January 30, 2017 — Since I’ve been traveling to see Mario, my daughter has spent a few nights each month with my ex-husband (aka NOT her father). Struggling with what to call this relationship, he dubbed himself “Uncle Jake.” As you can tell, my ex-husband and I have an exceptional co-parenting relationship. We live in the same neighborhood and he’s over frequently for breakfasts and to round the kids up for school. One morning he walks in: “Zuzu,” he calls to my daughter (her favorite nickname). “Zuzu, who am I?” Jake asks. “Uncle Jake, the King!” she exclaims with two-year-old glee. My six- and eight- year old sons crack up laughing.
“Really?” I say. “The King?” Jake explains that he long ago (during a magical time called “The 80s”) saw a show called “Family Ties,” wherein a certain character named Alex P. Keaton taught a toddler to say “Alex is King.” Lucky me. But I am lucky that Jake is such a good sport and seems so fond of my daughter. He was always a sucker for babies.
Meanwhile, Mario forwards me a text exchange between him and my father:
I call Mario. He says he wants to ask for my parents approval about the marriage. “I’m not asking for permission,” he explains. “But I would like to have their blessing.” This is some old-school shit, but I find it really endearing.
My last relationship was mired in lies and dishonesty about intentions. This is completely opposite. Even my relationship with Jake was fraught with hidden secrets. And Jake and my parents were never the best of friends.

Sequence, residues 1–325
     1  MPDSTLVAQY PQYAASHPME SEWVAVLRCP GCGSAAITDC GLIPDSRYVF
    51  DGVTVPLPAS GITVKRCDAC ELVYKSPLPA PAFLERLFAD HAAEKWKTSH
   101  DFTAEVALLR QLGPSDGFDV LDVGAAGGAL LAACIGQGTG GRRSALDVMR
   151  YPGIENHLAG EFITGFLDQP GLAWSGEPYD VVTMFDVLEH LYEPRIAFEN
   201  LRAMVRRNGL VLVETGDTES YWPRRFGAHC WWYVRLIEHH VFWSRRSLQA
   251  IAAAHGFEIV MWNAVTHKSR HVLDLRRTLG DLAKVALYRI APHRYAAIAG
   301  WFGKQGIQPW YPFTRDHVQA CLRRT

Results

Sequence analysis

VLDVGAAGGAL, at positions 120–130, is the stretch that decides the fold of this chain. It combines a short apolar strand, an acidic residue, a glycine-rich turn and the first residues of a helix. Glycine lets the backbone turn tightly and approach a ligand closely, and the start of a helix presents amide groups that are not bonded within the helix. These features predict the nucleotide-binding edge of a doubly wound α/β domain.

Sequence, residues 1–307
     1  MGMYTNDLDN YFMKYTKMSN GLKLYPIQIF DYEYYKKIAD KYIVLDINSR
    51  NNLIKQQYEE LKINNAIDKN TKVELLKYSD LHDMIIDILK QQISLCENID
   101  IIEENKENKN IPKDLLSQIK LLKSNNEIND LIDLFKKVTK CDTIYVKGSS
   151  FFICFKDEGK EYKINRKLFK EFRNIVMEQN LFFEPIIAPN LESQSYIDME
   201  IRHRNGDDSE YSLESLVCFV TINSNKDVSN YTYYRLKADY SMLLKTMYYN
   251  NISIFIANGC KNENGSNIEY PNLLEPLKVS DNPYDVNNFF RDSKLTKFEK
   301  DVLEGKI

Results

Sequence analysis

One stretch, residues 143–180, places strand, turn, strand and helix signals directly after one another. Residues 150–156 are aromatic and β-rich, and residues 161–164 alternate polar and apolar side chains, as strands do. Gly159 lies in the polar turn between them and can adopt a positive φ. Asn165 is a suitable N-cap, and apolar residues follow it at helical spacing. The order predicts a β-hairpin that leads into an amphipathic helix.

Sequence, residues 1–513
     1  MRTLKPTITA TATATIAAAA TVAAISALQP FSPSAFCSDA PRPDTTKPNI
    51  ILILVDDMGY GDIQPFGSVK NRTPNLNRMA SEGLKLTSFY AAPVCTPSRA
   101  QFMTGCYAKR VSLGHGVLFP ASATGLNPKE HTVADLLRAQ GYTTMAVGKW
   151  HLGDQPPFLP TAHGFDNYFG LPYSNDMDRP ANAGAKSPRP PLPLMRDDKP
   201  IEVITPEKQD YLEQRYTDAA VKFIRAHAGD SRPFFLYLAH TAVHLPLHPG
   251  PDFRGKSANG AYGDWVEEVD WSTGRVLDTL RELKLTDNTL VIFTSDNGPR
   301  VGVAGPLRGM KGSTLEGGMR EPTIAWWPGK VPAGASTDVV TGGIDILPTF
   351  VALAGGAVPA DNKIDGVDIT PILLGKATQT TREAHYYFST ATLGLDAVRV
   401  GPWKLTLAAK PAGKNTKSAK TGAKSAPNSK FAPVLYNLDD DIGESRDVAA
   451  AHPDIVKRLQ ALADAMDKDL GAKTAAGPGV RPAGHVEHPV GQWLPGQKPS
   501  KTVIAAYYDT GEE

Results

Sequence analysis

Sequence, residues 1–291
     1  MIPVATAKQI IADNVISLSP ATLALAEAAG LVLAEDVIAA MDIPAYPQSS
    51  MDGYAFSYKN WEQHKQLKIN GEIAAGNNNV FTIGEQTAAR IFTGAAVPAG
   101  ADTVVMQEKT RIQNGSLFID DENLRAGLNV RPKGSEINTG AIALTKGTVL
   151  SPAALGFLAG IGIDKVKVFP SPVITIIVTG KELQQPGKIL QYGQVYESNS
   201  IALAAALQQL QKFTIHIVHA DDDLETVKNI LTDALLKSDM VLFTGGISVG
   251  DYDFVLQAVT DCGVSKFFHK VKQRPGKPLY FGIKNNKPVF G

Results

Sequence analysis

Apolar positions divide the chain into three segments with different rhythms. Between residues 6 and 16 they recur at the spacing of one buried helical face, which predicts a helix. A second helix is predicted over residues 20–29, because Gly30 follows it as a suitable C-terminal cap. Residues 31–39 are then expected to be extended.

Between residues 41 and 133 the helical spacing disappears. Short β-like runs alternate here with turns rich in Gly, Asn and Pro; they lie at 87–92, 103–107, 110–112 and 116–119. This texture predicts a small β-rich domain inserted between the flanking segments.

Then I make the mistake of telling Jake about Mario’s plan:
Jake goes on and on, even comparing Mario like Luke Skywalker, going in unprepared to face Darth Vader. My palms start sweating. I call Mario again. He’s unnervingly calm: “This isn’t a problem,” he assures me. “I’ve got this covered. Honesty is the only long game.” Great. Isn’t that what one of the Starks said right before Queen Cersei crushed them?
Speaking of “Cersei,” she’s very quiet. I decide I better test the waters and text her:
And that didn’t go well. I busy myself with work. I call Mario one more time. He’s driving in rush-hour traffic. He hates being late (though I hear that he struggles against a tendency to be late; “I was late to my first wedding,” he jokes. Uh…).
He sends me a picture from my parent’s house. At least I know the Queen Mother didn’t push him out the window. Yet.
But for some reason, everything seems to work out with me and Mario. The timing is perfect. The rain clouds part. The sun shines brighter. Federal employees do their jobs. Things just work out for us. Mario calls me on his drive home. He stayed later than he planned because my parent’s house has a front-row view to the Disney World firework display every night. “I like your parents,” he said. “Your dad made it clear that you are, uh, fairly ‘strong-willed,’ but I already knew that. Your mom was very gracious and funny.”
He tells me about the dinner and the food. My dad has gotten into cooking in the last few years. My dad has also started writing some sci-fi books and Mario was genuinely interested in the plot of his latest efforts. My mom likes football and talks about the city. Mario can keep pace with so much about Orlando and all the folks he knows there. If anyone has the temperament to topple the Queen, it’s Mario.
I guess Jake the King didn’t count on Cersei being won over. Check-mate.